Private first class William Edward Brandenburg was only 17 when he died fighting in the Pacific during WWII.
Patricia Moore didn’t know her Uncle William, but she certainly remembers her mother, Mae Black, talking about him all her life. The family was from New Miami, Ohio.
Bradenburg was Black’s youngest brother and he enlisted in the Marines on November 27, 1942. He was only 16 at the time. That meant he had to lie on his enlistment forms so he could join the war effort.
When the Battle of Tarawa began on November 20, 1943, Brandenburg was there. On the second day of battle, as he was leaving a landing ship on the island in the South Pacific, he was killed in action.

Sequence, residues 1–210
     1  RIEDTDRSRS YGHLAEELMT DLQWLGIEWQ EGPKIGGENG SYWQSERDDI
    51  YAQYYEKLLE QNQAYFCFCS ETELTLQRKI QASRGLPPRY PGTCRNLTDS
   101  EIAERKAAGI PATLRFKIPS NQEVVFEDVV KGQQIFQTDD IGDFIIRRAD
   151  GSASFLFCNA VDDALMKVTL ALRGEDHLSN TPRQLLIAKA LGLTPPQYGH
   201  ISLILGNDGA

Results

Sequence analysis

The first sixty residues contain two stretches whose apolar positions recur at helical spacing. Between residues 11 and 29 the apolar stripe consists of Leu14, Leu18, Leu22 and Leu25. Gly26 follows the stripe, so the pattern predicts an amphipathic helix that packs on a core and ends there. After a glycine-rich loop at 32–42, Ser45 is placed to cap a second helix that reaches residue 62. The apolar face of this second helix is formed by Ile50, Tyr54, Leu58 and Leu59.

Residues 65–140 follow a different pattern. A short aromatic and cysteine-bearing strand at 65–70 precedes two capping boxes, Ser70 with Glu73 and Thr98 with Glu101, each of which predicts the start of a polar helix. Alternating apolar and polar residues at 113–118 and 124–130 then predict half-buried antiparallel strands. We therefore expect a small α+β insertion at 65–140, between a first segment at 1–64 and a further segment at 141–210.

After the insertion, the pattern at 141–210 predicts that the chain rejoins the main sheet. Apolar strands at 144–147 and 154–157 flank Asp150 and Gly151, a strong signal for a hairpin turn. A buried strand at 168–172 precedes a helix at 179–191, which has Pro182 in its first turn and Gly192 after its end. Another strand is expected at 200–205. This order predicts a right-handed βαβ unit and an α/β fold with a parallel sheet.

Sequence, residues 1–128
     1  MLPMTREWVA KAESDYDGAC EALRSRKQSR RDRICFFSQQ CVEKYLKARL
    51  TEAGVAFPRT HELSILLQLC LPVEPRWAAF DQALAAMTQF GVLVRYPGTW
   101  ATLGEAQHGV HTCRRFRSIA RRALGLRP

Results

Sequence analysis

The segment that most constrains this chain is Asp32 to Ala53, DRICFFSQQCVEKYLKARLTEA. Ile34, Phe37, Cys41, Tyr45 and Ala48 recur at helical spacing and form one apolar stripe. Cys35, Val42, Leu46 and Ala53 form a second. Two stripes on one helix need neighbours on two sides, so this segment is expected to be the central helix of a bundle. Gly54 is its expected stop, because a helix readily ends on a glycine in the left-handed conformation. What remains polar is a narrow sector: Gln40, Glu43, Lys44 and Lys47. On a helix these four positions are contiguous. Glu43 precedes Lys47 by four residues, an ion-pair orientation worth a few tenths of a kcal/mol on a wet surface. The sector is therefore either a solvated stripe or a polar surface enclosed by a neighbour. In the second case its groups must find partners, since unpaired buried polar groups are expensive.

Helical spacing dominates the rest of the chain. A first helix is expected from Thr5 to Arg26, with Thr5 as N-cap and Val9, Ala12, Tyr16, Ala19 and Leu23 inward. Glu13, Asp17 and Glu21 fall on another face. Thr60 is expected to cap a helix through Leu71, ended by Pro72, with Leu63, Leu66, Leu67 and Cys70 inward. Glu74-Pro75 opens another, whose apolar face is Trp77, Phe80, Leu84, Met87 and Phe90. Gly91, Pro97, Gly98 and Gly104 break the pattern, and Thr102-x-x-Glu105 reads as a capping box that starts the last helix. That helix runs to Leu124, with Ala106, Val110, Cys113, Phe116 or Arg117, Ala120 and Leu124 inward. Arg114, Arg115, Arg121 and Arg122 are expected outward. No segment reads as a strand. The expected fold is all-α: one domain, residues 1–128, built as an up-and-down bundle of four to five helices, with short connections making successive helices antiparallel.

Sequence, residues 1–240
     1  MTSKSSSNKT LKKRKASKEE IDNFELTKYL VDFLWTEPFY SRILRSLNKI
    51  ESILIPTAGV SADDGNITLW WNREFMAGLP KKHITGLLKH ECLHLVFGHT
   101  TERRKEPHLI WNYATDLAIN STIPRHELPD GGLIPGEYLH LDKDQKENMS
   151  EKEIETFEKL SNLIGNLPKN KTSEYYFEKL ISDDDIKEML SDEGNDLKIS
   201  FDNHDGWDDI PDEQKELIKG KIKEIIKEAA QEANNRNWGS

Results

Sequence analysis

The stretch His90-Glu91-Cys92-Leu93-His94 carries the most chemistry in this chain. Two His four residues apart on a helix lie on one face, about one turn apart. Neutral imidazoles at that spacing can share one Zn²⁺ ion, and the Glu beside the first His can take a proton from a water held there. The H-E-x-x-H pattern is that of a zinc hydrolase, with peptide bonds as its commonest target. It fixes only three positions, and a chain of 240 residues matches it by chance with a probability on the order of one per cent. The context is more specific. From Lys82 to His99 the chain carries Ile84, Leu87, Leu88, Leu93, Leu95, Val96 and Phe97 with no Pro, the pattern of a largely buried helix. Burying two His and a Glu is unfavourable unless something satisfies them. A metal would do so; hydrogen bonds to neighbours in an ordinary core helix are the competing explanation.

Moore said she was told he was hit with a missile.
The Defense Department says more than 1,000 US troops were killed during the battle. They were buried where they fell, or put into a mass grave in a large trench.
For years, Moore says her mother called any veterans group she could find in hopes of trying to locate his remains. After all the calls, year after year, Black finally found some success.
About eight years ago, a group took their DNA to be tested against remains that had been recovered and brought back to Hawaii.
Click here to read more.
SOURCE: CNN, Paul P. Murphy